Category Archives: Public Sector

Former Presidents: Pensions, Office Allowances, and Other Federal Benefits

Source: Wendy Ginsberg, Daniel J. Richardson Congressional Research Service, CRS Report, RL34631, March 16, 2016

…. This report provides a legislative and cultural history of the Former Presidents Act. It details the benefits provided to former Presidents and their costs. Congress has the authority to reduce, increase, or maintain the pension and benefits provided to former Presidents of the United States. This report considers the potential effects of maintaining the FPA or amending the FPA in ways that might reduce or otherwise modify a former President’s benefits. ….

State and Local Fiscal Facts: 2016

Source: National Conference of State Legislatures (NCSL), The Council of State Governments (CSG), National Association of Counties (NACo), National League of Cities (NLC), U.S. Conference of Mayors (USCM), International City/County Management Association (ICMA), National Association of State Budget Officers (NASBO), National Association of State Auditors Comptrollers and Treasurers (NASACT), Government Finance Officers Association (GFOA), National Association of State Retirement Administrators (NASRA), 2016

State and Local Finances · Municipal Bonds · State and Local Pensions

In the past few years, state and local government revenues have been slowly improving. While challenges remain, officials have been taking steps to replenish rainy day funds and address long-term structural imbalances.

How Big a Burden are State and Local OPEB Benefits?

Source: Alicia H. Munnell, Jean-Pierre Aubry, and Caroline V. Crawford, Center for State and Local Government Excellence, Issue Brief, March 2016

This brief attempts to answer the question: How big of a burden are OPEB benefits to state and local governments?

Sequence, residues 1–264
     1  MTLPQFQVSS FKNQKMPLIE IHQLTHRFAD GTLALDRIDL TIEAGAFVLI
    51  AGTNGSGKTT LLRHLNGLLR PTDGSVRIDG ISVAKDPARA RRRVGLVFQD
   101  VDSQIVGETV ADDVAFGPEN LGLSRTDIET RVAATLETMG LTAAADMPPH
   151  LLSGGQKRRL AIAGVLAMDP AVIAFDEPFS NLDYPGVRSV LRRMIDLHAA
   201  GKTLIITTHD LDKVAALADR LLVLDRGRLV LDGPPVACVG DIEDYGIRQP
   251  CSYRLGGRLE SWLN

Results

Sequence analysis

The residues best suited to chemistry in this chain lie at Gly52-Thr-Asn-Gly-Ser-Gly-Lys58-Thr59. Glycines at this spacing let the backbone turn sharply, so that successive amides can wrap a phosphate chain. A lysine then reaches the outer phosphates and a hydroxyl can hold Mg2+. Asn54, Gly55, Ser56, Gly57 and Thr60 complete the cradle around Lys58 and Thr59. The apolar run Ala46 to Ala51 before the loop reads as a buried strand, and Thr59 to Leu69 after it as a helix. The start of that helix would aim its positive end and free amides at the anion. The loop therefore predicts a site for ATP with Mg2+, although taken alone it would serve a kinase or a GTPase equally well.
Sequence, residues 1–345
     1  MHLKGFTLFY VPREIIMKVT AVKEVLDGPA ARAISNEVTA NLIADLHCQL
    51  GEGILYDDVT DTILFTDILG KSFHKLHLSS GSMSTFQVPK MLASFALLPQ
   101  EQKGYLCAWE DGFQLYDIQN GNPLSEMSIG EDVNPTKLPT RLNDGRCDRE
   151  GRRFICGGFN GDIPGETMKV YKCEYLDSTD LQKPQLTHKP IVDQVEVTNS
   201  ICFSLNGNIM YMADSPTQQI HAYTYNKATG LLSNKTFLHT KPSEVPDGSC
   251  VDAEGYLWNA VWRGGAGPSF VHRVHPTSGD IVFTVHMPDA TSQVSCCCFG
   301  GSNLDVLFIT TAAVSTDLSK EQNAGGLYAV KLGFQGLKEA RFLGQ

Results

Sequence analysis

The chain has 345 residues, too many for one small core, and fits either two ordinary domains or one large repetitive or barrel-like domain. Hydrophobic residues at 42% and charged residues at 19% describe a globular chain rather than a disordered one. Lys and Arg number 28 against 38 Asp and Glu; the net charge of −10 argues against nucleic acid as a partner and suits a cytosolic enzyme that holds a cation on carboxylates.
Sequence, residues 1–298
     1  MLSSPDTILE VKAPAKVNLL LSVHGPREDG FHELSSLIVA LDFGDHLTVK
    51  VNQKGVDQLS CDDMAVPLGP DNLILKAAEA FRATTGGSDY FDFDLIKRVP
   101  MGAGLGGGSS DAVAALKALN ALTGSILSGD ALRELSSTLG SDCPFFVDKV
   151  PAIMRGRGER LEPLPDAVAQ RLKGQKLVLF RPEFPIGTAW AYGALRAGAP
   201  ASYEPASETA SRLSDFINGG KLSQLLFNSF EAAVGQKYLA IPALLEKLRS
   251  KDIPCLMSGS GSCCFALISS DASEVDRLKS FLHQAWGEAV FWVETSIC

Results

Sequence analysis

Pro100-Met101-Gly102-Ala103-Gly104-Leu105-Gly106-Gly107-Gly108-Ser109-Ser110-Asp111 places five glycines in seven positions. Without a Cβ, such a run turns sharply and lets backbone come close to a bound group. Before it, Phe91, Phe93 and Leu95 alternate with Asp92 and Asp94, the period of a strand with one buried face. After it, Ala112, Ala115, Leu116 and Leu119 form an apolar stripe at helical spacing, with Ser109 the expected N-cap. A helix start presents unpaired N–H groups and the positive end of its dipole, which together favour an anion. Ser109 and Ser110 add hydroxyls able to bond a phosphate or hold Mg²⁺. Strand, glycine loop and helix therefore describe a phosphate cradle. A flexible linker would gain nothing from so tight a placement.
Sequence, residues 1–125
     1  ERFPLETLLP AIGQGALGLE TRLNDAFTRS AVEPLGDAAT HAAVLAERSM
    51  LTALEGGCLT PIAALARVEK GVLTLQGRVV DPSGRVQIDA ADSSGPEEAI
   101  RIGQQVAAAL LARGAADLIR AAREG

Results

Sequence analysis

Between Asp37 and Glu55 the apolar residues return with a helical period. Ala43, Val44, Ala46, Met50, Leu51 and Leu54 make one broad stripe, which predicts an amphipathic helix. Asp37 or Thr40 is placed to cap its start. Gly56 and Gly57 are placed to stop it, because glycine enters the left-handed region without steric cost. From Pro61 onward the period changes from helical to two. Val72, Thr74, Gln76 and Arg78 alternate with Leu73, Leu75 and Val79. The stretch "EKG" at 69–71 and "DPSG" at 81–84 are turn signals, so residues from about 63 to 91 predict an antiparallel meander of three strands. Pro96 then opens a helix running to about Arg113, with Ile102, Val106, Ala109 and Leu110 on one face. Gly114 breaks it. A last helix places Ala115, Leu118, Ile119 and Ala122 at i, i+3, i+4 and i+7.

Key findings:
• Aggregate unfunded OPEB liabilities are an estimated $862 billion – nearly two thirds of which is held at the local level;
• These unfunded liabilities are equivalent to 28 percent of the unfunded liabilities of pensions when pension liabilities are calculated with an interest rate comparable to OPEBs; and
• While OPEB liabilities are large, several factors – such as sponsors’ flexibility to scale back benefits – limit their potential drain on resources.

Telling the Public Pension Story with Hard Data

Source: Elizabeth K. Kellar, Amber Snowden, Government Finance Review, February 2016

Public pensions have been a hot topic in the media and among state and local policymakers. News stories often depict pension funding in dire terms. But what are the facts? And how does the funded status of your government’s pension plan compare with others? Now it’s easy to find out with the Public Plans Database (PPD), a free, publicly accessible database of financial, actuarial, and other plan data for 150 of the nation’s largest local and state public pension plans…..

Public Pension Plan Investment Return Assumptions

Source: National Association of State Retirement Administrators (NASRA), Issue Brief, February 2016

From the introduction:
As of September 30, 2015, state and local government retirement systems held assets of $3.56 trillion. These assets are held in trust and invested to pre-fund the cost of pension benefits. The investment return on these assets matters, as investment earnings account for a majority of public pension financing. A shortfall in long-term expected investment earnings must be made up by higher contributions or reduced benefits.

Funding a pension benefit requires the use of projections, known as actuarial assumptions, about future events. Actuarial assumptions fall into one of two broad categories: demographic and economic. Demographic assumptions are those pertaining to a pension plan’s membership, such as changes in the number of working and retired plan participants; when participants will retire, and how long they’ll live after they retire. Economic assumptions pertain to such factors as the rate of wage growth and the future expected investment return on the fund’s assets.

As with other actuarial assumptions, projecting public pension fund investment returns requires a focus on the long-term. This brief discusses how investment return assumptions are established and evaluated, and compares these assumptions with public funds’ actual investment experience.

Who Values Diversity? Comparing the Effect of Manager Gender Across the Public, Private, and Nonprofit Sectors

Source: Morgen Johansen, Ling Zhu, American Review of Public Administration, Published online before print February 26, 2016
(subscription required)

From the abstract: